In the the U.S., the International Trade Commission in Washington will begin a hearing on Qualcomm's argument that Apple is infringing three patents as soon as next week.
Qualcomm is asking the agency to ban imports of all iPhone 7 models that dont have Qualcomm's chips.
Another court in Mannheim, Germany, is hearing a case by the chipmaker that argues iPhones using Intel chips infringe Qualcomm's patents and should be excluded from access to Europe's largest national market. The judge tentatively agreed with Qualcomm but put the case on hold while the European Patent Office decides whether the patent in question is valid.
In China, tthe Chinese Patent Review Board begins hearings this month and next to consider Apple's request to invalidate patents that Qualcomm is trying to use against it.
For its part, Apple it trying to save some billions in technology licensing payments by forcing chipmaker Qualcomm to change the way it does business. The iPhone maker has argues that Qualcomm uses its ownership of patents that cover the basics of how modern smartphones communicate to extract unfairly high payments.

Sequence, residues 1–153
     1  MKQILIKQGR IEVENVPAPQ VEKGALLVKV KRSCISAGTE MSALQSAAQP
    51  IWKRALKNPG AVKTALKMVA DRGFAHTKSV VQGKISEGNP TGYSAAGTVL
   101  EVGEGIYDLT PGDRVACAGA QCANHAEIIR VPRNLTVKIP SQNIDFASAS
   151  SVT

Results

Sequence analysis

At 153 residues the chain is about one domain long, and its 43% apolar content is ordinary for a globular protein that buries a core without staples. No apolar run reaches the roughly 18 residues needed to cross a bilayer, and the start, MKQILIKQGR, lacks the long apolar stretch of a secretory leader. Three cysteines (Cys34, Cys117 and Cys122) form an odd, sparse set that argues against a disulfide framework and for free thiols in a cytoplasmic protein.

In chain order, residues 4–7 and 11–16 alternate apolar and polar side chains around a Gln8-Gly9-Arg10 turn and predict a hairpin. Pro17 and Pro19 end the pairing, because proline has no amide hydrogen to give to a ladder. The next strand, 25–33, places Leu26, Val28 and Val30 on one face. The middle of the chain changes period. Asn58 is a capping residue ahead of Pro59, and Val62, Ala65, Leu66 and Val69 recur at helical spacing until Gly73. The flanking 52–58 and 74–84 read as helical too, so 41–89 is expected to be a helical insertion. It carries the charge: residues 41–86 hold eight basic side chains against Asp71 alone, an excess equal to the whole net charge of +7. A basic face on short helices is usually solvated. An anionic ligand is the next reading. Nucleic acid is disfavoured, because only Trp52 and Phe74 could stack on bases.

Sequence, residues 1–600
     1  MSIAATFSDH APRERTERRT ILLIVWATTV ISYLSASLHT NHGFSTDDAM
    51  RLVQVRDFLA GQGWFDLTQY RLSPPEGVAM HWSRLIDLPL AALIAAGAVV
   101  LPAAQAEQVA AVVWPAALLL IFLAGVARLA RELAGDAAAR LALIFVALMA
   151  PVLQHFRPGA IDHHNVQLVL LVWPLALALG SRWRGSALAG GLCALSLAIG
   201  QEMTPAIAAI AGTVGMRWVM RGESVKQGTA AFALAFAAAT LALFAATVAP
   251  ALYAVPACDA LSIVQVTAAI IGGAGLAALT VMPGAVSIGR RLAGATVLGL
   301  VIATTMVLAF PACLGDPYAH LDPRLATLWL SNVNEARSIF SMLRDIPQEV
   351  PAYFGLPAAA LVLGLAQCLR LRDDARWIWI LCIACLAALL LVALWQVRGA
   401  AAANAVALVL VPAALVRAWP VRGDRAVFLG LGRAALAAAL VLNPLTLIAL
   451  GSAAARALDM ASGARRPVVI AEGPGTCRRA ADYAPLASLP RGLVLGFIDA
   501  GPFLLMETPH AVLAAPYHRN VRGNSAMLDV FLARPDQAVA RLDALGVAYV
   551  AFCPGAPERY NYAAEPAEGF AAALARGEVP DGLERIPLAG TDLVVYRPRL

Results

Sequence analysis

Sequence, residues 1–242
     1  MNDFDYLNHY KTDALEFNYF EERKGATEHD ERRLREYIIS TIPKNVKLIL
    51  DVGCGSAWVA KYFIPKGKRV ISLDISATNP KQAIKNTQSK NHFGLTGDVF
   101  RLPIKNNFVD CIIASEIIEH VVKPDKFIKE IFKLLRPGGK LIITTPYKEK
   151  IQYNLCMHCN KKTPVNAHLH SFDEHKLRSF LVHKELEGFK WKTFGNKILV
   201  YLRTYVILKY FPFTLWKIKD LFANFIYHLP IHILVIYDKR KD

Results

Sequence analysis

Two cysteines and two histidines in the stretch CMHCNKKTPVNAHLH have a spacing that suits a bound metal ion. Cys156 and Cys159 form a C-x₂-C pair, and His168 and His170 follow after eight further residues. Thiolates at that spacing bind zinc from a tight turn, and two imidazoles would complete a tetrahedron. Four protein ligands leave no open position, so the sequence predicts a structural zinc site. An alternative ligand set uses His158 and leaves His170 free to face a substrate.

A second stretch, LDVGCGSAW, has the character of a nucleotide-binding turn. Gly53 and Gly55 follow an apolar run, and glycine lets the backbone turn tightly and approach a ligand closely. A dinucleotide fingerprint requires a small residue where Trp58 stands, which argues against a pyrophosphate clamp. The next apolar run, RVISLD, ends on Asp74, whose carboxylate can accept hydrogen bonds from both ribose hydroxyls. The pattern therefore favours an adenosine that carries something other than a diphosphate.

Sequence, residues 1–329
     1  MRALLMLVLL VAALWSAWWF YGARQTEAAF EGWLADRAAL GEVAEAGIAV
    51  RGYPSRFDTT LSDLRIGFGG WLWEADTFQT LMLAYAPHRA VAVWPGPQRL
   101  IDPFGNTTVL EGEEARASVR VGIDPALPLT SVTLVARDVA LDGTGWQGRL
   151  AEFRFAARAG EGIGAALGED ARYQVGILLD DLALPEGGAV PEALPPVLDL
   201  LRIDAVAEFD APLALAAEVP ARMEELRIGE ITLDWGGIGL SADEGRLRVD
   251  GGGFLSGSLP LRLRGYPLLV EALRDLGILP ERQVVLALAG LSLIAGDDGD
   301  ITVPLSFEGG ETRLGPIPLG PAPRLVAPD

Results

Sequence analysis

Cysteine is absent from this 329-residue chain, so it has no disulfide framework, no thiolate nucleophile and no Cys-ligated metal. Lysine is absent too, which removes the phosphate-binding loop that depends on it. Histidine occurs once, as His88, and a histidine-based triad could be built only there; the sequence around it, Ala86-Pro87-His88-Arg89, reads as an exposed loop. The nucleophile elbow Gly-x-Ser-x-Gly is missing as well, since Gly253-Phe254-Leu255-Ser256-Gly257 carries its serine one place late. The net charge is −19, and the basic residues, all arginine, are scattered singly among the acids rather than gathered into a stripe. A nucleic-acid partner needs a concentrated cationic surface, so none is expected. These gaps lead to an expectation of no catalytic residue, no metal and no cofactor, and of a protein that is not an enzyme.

Qualcomm claims that Apple is stealing its property by refusing to hand over fees for technology that the rest of the industry pays for.
Apple may be the hook for $2.5 billion to $4.5 billion in unpaid fees, a total that could be equivalent to about one-fifth of Qualcomm's annual revenue.
More than 50 separate intellectual property and antitrust proceedings have been filed across 16 jurisdictions in six countries. While no single case will resolve everything, a number of decisions in the second half of 2018 could create an incentive to settle.
Eventually, a settlement is widely expected between the two behemoths, though the timing and terms are uncertain.